In terms of entertainment, Argentina and the Netherlands must feel like a local pub band booked to follow the Beatles.
How could their semi-final on Wednesday possibly top or even go part of the way to matching the spectacle of Germany's utterly extraordinary dismantling of Brazil?
Of course, the game might be thrilling in its own way, but it will have to go some in order to rank anywhere near what came before it.
One of the things that might help that quest along is a brilliant individual performance from one of the teams' star men, the obvious candidates of course being Lionel Messi, Arjen Robben and Robin van Persie.
While all three have produced moments of brilliance in the World Cup so far, Van Persie has been curiously quiet in the Netherlands' two knockout games.
Against Mexico he was withdrawn for tactical reasons, and his retreat to the bench without anything close to complaint at least shows the regard in which he and the rest of the Dutch team hold Louis van Gaal.
Against Costa Rica he was frankly awful, missing a few entirely presentable chances and being far too easily caught out by an admittedly well-planned offside trap.
One of the main reasons the Dutch could not break Costa Rica down was Van Persie's profligacy. Van Gaal had selected an attacking team, with Memphis Depay and Robben supporting Van Persie and Wesley Sneijder as part of a two-man midfield.
It was done in anticipation of Costa Rica putting nine men behind the ball and hoping for either a counter-attack, to get lucky or penalties.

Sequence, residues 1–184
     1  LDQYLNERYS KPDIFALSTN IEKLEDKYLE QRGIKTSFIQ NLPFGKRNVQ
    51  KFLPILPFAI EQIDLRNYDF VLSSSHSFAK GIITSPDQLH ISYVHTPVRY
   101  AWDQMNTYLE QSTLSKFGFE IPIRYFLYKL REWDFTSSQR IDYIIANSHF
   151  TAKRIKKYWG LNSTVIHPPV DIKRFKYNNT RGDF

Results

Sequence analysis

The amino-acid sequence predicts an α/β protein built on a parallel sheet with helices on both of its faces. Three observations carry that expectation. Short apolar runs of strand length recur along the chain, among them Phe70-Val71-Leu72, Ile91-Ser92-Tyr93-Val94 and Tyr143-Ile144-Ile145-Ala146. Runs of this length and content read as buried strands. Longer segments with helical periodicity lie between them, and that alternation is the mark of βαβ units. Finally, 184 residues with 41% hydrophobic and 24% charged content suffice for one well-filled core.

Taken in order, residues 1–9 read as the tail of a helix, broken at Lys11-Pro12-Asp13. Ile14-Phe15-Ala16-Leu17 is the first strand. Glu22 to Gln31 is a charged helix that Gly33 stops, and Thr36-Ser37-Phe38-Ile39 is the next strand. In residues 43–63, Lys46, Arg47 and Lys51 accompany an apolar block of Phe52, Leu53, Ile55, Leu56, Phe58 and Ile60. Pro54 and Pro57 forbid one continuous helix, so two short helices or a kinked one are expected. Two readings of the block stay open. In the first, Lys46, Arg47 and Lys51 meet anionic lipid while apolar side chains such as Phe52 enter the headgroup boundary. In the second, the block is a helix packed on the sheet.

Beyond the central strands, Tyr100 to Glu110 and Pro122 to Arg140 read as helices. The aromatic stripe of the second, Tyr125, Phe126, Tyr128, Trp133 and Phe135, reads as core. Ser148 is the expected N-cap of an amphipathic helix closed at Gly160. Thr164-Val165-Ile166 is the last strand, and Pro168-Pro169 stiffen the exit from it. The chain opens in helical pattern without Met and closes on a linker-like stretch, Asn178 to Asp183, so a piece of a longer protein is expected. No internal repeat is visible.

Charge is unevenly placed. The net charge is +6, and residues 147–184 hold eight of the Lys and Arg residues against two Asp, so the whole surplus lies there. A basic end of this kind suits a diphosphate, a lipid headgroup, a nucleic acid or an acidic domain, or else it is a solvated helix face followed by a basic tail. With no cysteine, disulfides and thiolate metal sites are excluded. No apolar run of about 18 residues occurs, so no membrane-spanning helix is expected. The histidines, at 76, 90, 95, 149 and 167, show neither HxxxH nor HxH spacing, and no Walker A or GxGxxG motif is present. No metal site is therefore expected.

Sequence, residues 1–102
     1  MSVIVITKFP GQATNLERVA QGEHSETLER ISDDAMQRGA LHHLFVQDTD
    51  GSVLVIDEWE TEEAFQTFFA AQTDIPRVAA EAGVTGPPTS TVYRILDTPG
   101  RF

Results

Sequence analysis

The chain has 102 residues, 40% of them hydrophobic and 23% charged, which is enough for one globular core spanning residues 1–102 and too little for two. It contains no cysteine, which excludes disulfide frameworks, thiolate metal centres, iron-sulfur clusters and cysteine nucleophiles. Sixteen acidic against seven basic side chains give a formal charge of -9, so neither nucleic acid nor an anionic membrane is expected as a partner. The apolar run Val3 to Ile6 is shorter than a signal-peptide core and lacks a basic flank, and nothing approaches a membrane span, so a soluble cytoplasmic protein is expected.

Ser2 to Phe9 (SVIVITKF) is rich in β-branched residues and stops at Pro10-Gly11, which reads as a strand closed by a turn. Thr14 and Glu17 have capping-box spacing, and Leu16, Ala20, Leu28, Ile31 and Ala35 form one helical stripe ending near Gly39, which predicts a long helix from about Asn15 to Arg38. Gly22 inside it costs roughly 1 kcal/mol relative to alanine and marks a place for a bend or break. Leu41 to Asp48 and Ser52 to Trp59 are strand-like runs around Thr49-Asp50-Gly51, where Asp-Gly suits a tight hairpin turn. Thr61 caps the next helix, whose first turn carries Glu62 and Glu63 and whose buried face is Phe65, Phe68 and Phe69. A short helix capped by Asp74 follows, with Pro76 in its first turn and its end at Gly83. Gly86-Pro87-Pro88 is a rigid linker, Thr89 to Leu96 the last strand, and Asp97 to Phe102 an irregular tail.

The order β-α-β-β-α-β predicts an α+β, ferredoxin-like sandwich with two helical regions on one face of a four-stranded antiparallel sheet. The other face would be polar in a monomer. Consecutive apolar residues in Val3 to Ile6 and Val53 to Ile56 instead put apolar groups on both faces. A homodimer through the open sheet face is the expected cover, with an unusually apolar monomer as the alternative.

That's exactly what happened, but the plan didn't work largely because his centre-forward threw away so many chances to clinch the game. There is only so much a manager can do.
Of course, that's all if Van Persie actually plays. His participation is in some doubt after missing training on Tuesday. The Manchester United man was ill and thus rested, as Van Gaal explains, quoted by The Guardian's Owen Gibson:
He had some stomach problems, some intestinal problems, so it’s better not to train then because you make it worse.
Van Persie is our captain. So in that capacity alone he is very important. In principle my captain will always play but they have to be in good shape.
In better news for the Dutch, Nigel de Jong trained this week, a surprise after he was supposedly ruled out of the tournament following a groin strain picked up against Mexico. If he is fit, it would obviously be a huge boost for the Netherlands, primarily as they try to keep Messi quiet.
In De Jong's absence, Van Gaal will either stick with Georginio Wijnaldum, bring in Jonathan de Guzman or possibly move Daley Blind into the middle.
However, all of those would be inferior options to De Jong, who would of course bring bite, leadership and organisation into their midfield, all of which will be required if they are to prevent Messi from running the game.
Not that Van Gaal is particularly preoccupied by Messi, saying, per Gibson: "We are playing against Argentina. We always refer to teams and not individual players. We have a plan ready for Argentina."
He is, as is often the case, quite right, but that plan will only work if Van Persie and his other stars play well enough to carry it out effectively.